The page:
Turning alcohol into a social taboo won't cut misuse

Both parties intend to expand their collaboration to provide faster, more transparent and cost-effective distribution / SFBJ.

Portman Group warn that plans to demonize alcohol in Scotland won't solve the nation's alcohol problems

Attempting to tackle problems by raising prices or restrictingavailability would be untargeted, unfair and likely to be ineffective. In its response to the Scottish Government's alcohol consultation, thePortman Group, the social responsibility body for UK drinks producers,says that countries adopting a similar approach have failed to achieveany significant reduction in alcohol misuse.

David Poley, Chief Executive of the Portman Group, said:

"The myth is that levels of drinking and alcohol misuse are worse inScotland than elsewhere in the UK.In reality, Scots drink less thanpeople in the rest of Britain and are no more likely to be drinkingharmfully.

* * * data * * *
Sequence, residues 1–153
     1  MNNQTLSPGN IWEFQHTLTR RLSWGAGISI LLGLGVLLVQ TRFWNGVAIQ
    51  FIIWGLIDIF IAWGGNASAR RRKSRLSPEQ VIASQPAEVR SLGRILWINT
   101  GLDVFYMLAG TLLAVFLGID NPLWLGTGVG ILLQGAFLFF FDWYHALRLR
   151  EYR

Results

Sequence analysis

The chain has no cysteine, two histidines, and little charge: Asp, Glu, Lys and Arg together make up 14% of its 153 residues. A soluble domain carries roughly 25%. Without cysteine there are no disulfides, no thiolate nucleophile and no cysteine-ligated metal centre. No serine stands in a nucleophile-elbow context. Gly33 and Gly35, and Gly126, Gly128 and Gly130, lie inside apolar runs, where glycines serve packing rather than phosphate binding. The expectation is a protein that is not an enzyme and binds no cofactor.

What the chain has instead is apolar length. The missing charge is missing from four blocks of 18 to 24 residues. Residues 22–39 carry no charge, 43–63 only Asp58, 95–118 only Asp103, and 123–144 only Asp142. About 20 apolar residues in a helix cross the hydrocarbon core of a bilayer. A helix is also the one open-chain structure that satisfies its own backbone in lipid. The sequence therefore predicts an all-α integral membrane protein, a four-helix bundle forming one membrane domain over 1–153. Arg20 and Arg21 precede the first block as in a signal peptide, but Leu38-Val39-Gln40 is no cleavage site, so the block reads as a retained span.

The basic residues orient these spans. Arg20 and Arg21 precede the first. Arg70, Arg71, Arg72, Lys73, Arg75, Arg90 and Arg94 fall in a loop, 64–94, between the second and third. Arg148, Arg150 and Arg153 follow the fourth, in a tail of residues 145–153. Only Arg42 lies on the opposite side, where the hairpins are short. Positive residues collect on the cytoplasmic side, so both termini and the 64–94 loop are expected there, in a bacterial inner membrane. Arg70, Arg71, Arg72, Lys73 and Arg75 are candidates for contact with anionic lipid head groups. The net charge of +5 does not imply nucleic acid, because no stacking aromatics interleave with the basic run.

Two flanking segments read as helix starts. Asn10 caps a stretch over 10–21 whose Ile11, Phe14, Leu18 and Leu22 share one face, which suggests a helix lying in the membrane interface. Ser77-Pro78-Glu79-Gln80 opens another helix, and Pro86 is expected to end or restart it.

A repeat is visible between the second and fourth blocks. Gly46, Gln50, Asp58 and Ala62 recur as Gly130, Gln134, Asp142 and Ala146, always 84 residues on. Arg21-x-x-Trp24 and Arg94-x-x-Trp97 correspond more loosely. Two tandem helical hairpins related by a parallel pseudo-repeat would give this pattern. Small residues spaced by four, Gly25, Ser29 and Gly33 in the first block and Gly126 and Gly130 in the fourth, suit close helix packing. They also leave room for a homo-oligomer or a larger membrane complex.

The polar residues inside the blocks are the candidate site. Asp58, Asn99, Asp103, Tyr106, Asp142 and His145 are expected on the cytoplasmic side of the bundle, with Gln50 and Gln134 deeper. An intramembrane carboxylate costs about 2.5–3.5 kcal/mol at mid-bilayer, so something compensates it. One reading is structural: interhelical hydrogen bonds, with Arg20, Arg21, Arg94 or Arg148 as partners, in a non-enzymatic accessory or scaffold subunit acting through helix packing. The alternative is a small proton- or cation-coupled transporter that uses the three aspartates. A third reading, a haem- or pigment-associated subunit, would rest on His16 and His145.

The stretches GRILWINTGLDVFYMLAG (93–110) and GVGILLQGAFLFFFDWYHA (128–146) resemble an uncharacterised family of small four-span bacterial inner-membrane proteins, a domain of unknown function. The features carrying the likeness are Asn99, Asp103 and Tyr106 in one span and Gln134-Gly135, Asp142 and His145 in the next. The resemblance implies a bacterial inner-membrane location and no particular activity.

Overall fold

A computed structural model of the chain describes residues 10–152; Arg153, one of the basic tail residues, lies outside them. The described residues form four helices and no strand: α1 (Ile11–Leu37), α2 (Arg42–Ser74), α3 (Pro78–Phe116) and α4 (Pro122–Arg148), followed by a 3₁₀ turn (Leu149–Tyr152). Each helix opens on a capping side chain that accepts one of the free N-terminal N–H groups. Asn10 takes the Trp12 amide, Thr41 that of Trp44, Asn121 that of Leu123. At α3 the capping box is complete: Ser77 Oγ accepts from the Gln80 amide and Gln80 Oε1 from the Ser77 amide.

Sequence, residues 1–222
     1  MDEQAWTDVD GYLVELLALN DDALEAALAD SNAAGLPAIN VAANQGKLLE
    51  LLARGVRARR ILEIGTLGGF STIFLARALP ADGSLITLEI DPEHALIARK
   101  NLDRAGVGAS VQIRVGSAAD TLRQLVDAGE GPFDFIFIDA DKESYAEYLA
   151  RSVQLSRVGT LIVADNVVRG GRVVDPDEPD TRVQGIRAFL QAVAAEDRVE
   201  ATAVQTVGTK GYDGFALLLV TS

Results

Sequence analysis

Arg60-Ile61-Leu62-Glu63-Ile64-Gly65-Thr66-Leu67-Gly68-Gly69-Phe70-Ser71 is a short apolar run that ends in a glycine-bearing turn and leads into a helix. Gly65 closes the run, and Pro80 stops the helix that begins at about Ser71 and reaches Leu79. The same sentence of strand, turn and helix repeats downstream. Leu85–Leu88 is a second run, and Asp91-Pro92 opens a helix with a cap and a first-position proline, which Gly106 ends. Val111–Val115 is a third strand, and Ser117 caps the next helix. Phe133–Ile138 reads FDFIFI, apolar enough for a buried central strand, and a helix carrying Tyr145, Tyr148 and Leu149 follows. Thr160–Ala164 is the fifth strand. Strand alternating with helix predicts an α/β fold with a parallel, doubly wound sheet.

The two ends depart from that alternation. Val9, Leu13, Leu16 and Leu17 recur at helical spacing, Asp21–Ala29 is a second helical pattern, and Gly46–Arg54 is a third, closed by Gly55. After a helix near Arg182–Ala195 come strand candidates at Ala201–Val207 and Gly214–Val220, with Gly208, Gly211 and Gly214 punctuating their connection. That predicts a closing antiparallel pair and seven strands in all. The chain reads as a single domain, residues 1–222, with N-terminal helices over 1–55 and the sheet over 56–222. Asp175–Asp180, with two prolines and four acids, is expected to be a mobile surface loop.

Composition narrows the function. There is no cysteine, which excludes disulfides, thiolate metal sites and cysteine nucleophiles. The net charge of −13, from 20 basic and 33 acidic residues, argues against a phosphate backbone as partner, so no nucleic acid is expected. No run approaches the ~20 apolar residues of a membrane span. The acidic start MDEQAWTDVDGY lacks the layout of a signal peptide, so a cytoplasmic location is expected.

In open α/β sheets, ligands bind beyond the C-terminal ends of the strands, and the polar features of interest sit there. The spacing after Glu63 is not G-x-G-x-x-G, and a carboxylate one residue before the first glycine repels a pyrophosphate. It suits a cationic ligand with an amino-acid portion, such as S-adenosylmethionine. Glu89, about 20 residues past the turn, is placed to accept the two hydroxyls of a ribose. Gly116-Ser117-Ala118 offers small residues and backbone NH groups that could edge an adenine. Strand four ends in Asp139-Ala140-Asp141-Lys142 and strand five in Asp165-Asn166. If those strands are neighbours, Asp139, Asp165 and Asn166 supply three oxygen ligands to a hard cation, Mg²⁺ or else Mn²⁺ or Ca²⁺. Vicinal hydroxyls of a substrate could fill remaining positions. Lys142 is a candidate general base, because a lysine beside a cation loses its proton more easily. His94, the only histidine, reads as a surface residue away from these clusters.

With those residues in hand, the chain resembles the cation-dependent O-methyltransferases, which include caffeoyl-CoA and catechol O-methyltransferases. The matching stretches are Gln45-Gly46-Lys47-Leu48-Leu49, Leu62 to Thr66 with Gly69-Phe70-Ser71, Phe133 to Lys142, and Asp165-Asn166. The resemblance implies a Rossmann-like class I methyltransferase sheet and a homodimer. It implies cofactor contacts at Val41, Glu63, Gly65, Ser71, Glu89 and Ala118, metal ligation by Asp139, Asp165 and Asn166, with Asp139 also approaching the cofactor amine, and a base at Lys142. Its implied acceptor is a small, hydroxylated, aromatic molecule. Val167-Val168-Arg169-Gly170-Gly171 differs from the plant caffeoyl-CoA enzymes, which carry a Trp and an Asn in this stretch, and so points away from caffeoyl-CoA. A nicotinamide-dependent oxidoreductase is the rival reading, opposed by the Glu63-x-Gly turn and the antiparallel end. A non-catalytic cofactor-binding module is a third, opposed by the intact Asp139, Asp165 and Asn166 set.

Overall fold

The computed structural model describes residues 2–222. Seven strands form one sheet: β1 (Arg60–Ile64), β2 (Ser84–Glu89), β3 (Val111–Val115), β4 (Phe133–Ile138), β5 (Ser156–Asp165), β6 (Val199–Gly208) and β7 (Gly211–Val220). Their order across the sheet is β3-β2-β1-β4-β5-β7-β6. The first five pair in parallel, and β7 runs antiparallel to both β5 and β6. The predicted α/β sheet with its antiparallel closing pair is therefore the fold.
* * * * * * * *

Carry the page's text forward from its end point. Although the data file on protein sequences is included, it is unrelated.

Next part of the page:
"Problems of alcohol misuse in Scotland will not be solved by turningalcohol into a social taboo and demonizing drink.There is aconsiderable risk that this would actually increase the appeal ofalcohol to young people in particular.

"Setting a minimum price for alcohol would penalise hard-working Scots.People who claim that low prices are to blame for misuse among childrenmiss the point; it is illegal for under-18s to buy alcohol.A sustainedprogramme of enforcement activity will tackle this problem.It makesfar more sense to enforce the current law robustly than to raise thelegal purchase age.

"Education has made a huge difference to drink driving in the UK,changing both attitudes and behaviour significantly over the last 30years.Education campaigns and hard-hitting advertisements, combinedwith robust enforcement of the law, changed the culture.Consequently,the number of people killed in drink-drive accidents each year hasfallen by two-thirds.Education can have a similar impact on ourharmful drinking culture."

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